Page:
a tantalizing glimpse of the future
Before you get too impressed, I guess I should admit it's the fun kind of work, inspired by the arrival at my doorstep of this very valuable treasure:
(Bonus, if you look closely you can see in the background a) my very ugly but very comfortable couch, b) my mostly ugly rug, c) the green notebook which I'm using to brainstorm my next SEKRIT project, and d) the stack of laundry I'm avoiding by doing more entertaining work like this.)
WIRED, the final book in the SKINNED trilogy, comes out September 14. For those of you disinclined to do math while still officially on summer vacation, that is EIGHT DAYS FROM TODAY.
I know, you're tortured by anticipation. (Okay, I'm tortured by anticipation. I've been waiting four years for this moment.)
Here's a little excerpt to help you survive the wait. (And I believe this is the first piece of this book to see the light of day, so we'll call it a WORLD DEBUT.) Enjoy!
Mechs don't get tired. We don't, technically, need to sleep. And obviously there's no need to eat or drink or rest our legs from hour after hour of whirling beneath spinning neon lights, arms twirling, head thrown back, bass-pumping music shaking the walls, floor undulating beneath our feet, bodies on bodies pressed together, sticky, sweaty, salty flesh grinding against flesh, and in the center, me. Seventy-two hours at the Wilding, watching dancers flow in and out, like jellyfish washing up on the beach, then dragged out again by the rising tide, ragged and desiccated by their hours in the sun. Except here in the Wilding there was no sun, no hint of anything that might mark the time passing, or the daylight world beyond its midnight walls.
"You need a guy," Felicity shouted in my ear, with a giggle that sounded almost sincere. Everything she said sounded almost sincere--the same went for Pria and Cally, the other two vidlife regulars who'd swept me into their circle as soon as I stepped into the club. The fly cams buzzing over our heads glowed as they came within range of one another, and on cue the lifers laughed and shrieked, stroked my hair, whipped me in wild loops across the packed dance floor, and didn't seem to care that I was a mech--which of course only meant that their characters didn't care, and they were playing their parts.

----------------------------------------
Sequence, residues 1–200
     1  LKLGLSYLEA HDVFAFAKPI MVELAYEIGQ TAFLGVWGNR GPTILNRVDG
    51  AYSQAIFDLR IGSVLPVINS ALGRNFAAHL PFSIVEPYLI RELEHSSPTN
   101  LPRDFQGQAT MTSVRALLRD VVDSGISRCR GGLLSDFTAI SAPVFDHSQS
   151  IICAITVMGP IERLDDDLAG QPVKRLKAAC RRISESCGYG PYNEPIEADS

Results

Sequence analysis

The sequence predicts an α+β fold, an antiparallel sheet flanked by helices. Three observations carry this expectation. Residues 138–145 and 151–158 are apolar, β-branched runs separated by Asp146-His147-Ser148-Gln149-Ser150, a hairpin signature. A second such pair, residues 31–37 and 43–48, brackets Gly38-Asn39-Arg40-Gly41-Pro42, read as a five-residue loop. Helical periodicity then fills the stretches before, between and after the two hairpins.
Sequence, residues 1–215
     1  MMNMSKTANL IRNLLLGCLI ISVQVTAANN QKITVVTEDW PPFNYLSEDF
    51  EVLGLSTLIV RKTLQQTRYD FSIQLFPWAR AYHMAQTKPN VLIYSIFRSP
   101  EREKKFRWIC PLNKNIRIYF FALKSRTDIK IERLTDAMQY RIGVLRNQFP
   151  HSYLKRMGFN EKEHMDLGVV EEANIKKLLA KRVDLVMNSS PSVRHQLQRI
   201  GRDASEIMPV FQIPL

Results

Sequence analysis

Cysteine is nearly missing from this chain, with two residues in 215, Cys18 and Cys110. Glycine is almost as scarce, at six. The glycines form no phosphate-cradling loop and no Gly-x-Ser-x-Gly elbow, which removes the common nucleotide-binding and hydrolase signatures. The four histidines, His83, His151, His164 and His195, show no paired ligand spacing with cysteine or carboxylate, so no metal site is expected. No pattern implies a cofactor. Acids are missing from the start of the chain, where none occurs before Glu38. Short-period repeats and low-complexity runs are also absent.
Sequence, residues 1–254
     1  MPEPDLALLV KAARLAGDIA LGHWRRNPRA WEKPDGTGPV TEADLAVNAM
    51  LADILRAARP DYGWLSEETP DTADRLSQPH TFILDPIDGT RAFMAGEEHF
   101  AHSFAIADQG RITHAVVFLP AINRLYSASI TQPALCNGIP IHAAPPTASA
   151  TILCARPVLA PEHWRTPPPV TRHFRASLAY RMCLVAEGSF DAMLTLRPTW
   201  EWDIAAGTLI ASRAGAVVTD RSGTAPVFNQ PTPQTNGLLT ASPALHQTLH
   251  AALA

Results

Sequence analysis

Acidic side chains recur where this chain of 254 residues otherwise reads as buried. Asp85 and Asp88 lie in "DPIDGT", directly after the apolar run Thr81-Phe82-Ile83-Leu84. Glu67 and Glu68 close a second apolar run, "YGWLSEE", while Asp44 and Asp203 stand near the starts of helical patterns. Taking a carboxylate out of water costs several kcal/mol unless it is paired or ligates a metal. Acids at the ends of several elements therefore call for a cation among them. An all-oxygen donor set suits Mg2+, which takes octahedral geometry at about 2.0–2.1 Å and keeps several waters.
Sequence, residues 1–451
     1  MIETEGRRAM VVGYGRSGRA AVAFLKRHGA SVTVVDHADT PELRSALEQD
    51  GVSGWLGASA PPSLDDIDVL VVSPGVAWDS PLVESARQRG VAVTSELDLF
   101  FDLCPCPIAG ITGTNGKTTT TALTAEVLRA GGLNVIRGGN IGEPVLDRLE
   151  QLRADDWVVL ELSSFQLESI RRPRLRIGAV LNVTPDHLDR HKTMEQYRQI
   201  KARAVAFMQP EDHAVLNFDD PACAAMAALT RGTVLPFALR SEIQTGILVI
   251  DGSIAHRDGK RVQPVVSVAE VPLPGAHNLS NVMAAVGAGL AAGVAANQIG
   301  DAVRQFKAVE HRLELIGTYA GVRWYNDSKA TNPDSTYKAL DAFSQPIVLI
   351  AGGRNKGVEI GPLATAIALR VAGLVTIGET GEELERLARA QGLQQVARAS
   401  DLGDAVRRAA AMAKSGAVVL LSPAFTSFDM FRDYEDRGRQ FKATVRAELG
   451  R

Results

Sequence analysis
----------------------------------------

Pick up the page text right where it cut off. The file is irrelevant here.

Cally grabbed my shoudlers and kneaded her thumbs into the synflesh. "Definitely need a guy," she agreed. "You're way too tense."
"Come on, pick someone." Pria twisted me in a slow circle, her pointed finger hopping from a weeper with huge biceps and teary hangdog eyes to an albino blond to an artfully scruffed guy, bare from the waist up and dosed out on Xers, who happened to be a ringer for Walker, my org ex. Not going to happen.
Him, the voice in my head decided for me, as my eyes settled on a punkish banger a few years older than me, his spiked hair tipped with metal studs, silver bangles ringing both arms from wrist to elbow. The silver decals striping his neck marked him as a skinnerhead, one of those fetishists who claimed to crave eternal life as a mech--but didn't crave it enough to actually cut open their brains and download them into a computer. Covering yourself in mech-tech was the newest trend, at least among those who weren't trolling the streets looking for a mech to bash, and sometimes--fine line between love and hate and all that--among those who were. This loser clearly considered himself on the cutting edge. Someone out there on the network apparently thought that made him my perfect match. Go for it.
It didn't take much. My come-hither glance was rusty, but it got the job done. Or maybe it was the pinpricks of golden light at the center of my pupils, the dead mech eyes flashing under the neon strobes, the taunting glimpses of synflesh beneath the on-and-off transparent material of the flash shirt.
What skinnerhead could resist a skinner?